Interview Preparation – Phone and Zoom

Remote interviews have been on the rise in the last couple of years, and they’re here to stay…

With the COVID-19 Pandemic changing the job market, interviews had to adapt with it. It’s useful to know what to expect, and how you can ensure that you present yourself in the best way. We’ve compiled some tips to help you prepare!

Phone Interview – The basics

  • It’s important to ensure that you can find somewhere quiet to undertake your phone interview, reducing background noise so that you and the interviewer can hear each other without disturbances.
  • Make sure that wherever you are, your phone has a strong signal to minimise chances of the phone call cutting off.
  • Prepare for any questions that you know/expect will come up during the interview.
  • Have a few things with you that could come in handy, like a pen and paper to make notes, and your CV for reference.

First impressions count!

  • Ensure that you’re available for 5 minutes prior to the agreed time of the interview, just in case the call comes in slightly earlier.
  • Answer the call professionally and politely, using your name helps the caller know that they’ve got through to the right person, for example, “Hello, Jane Doe speaking.”
  • Make some initial, appropriate small talk with your interviewer, asking them how their day is going and if they’re okay. This will help to build a friendly repertoire.

During the interview…

  • Speak clearly and slowly so that your interviewer can understand you.
  • Take time to explain your answers, using examples of work that you’ve done that is relevant to the job and question.
  • Ask for repetition of the question if you didn’t understand it or you need a bit more time to form your answer before responding.
  • Take notes of anything that the interviewer says that you might want to refer back to or ask questions about later.

Zoom Interview – The basics

  • Familiarise yourself with the technology that you’ll be using. Ask a friend or family member to test it with you, ensuring your microphone and camera are working properly.
  • Find somewhere to undertake your interview that has an appropriate background and good lighting. Try to find a space in your home that isn’t cluttered, or if you’re in the office, book a meeting room.
  • Whether you’re going to be at home or in the office for the interview, let any family members, roommates or colleagues know that you have a meeting planned and not to disturb you during that time.
  • Check that you have the meeting invitation/link prior to the meeting, remembering to check your junk mail. If it hasn’t come through 30 minutes before the meeting is due to start, get in touch with the interviewer.
  • Making a list of notes/prompts to remind you during the interview is a good way to prepare. A great tip is to make these on post-it notes and stick them on a wall in front of you so that you can see them without looking distracted!

First impressions…

  • Don’t forget to turn your camera on! The interviewer will want to see your face during the interview.
  • Dress appropriately, as you would for an in person interview, making sure you look professional.
  • Smile! You want to give the best impression straight away, and looking friendly is the best way to do that.

During your interview

  • Remain engaged with the interviewer – look at the camera when both you and the interviewer are talking, smiling and nodding shows that you are engaged and understand what they’re saying to you.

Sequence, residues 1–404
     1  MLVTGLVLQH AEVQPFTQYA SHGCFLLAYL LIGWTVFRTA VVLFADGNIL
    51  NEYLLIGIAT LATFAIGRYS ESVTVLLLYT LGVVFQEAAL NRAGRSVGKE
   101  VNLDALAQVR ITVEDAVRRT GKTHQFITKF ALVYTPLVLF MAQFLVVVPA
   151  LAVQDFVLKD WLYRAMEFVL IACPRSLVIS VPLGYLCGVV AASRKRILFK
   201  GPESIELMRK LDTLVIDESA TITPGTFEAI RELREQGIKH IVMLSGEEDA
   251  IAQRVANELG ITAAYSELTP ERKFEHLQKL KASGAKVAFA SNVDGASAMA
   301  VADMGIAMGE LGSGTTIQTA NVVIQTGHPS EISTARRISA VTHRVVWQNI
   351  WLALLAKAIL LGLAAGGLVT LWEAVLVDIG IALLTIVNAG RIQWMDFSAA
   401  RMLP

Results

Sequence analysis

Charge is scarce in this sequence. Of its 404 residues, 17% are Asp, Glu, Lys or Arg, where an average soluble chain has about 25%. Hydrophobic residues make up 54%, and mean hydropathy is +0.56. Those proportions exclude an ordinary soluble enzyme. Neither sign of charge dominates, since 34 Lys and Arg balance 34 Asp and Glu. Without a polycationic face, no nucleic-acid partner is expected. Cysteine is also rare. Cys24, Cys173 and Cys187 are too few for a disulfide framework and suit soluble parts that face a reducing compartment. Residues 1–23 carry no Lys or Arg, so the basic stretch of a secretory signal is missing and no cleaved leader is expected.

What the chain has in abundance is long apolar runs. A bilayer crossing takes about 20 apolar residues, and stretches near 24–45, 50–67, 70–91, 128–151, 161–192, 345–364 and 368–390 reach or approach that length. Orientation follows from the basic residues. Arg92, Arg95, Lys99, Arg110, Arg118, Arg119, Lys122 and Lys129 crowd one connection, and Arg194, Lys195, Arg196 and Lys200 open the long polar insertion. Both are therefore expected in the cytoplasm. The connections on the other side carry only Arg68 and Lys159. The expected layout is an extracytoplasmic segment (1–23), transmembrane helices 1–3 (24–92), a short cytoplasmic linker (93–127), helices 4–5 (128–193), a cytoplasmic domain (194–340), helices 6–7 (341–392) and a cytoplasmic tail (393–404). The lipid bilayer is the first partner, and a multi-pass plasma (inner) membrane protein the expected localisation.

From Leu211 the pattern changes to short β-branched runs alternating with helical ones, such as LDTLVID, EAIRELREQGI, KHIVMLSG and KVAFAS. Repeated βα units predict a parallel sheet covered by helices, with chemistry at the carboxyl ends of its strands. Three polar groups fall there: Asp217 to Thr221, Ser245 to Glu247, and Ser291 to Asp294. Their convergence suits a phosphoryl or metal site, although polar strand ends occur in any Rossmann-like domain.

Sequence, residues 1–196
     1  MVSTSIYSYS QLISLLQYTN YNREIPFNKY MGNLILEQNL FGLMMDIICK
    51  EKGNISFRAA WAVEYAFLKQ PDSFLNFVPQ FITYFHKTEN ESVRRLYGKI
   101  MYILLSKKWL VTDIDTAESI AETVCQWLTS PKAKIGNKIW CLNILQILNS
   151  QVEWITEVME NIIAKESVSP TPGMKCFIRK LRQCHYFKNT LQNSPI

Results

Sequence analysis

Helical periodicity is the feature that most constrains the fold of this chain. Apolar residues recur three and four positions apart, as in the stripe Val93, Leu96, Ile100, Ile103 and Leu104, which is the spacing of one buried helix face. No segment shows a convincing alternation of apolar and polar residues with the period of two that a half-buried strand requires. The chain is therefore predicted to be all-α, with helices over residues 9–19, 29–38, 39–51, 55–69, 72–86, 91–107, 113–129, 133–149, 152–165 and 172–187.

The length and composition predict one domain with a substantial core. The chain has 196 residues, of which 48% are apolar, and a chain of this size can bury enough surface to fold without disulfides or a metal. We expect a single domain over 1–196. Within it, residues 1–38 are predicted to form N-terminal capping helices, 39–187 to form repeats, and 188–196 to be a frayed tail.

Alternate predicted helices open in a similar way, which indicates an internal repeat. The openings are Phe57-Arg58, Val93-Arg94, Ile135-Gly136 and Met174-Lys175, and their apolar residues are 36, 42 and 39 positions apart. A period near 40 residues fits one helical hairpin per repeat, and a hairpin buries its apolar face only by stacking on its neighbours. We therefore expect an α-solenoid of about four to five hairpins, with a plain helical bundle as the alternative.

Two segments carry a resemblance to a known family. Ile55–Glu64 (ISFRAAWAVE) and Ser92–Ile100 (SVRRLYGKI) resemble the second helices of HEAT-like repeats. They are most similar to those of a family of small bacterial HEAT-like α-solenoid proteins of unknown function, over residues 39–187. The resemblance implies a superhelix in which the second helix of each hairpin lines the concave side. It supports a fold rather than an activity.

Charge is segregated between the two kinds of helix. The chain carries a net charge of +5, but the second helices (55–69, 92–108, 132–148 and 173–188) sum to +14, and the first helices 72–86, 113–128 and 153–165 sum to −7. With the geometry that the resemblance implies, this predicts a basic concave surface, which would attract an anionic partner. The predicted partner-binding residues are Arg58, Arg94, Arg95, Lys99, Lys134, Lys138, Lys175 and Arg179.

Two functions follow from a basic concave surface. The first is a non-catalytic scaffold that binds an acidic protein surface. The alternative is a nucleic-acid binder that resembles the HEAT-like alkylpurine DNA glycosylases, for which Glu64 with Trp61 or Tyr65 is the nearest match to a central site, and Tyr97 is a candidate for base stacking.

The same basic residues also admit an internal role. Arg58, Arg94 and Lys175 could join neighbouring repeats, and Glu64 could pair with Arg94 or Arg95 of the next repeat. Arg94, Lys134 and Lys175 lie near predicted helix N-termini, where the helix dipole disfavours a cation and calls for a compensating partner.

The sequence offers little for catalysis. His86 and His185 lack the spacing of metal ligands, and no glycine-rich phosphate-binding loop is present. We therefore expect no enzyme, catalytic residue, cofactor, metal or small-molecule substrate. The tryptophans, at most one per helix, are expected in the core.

• Don’t check your phone! Put it on silent, and turn it face down so that it doesn’t distract you.
  • Keep a glass of water next to you – this is great if you get thirsty but also a good way to save you a bit of time to think – take a sip while you’re thinking of how to answer a question!
  • Remember you’re on camera, if you’re caught off guard by an unexpected question, try to keep your facial expressions neutral and take a moment to think of your answer.

Any questions?

  • Be ready to ask questions about the role, the working environment, what the next steps might be or when you’ll hear back.
  • It’s important to ask relevant questions that show your interest in the role or company.

Sometimes the unexpected happens…

  • If you don’t hear from the interviewer at the agreed time, don’t panic. Call your recruiter or contact the company directly if you haven’t been referred through a recruiter. The interviewer may need to rearrange, or they might be running late.
  • If you’re running late or can’t make the interview, let the appropriate person/people know with plenty of notice and make sure to pass on your apologies.
  • If you’re doing a video call and your technology isn’t working straight away, don’t worry. Let your recruiter/interviewer know and try to resolve the issue as quickly as possible.

And Remember:

  • Relax! It’s hard to gauge what interviewers are thinking over the phone or on video calls as they’re often making notes while you’re answering questions – don’t let it put you off, be yourself!
  • Always get in touch with your recruiter afterwards to let them know how it went. Honesty is the best policy here!
  • If you’re in direct contact with your interviewer, send a follow up email, thanking them for taking the time to chat with you and letting them know that you’re looking forward to hearing from them further.

Following these preparation tips should help you to be a pro at remote interviews. Good luck!

If you still feel as though you need to chat things through with someone – why not get in touch? We’d be happy to go over any interview preparation (or our own personal advice!) with you.

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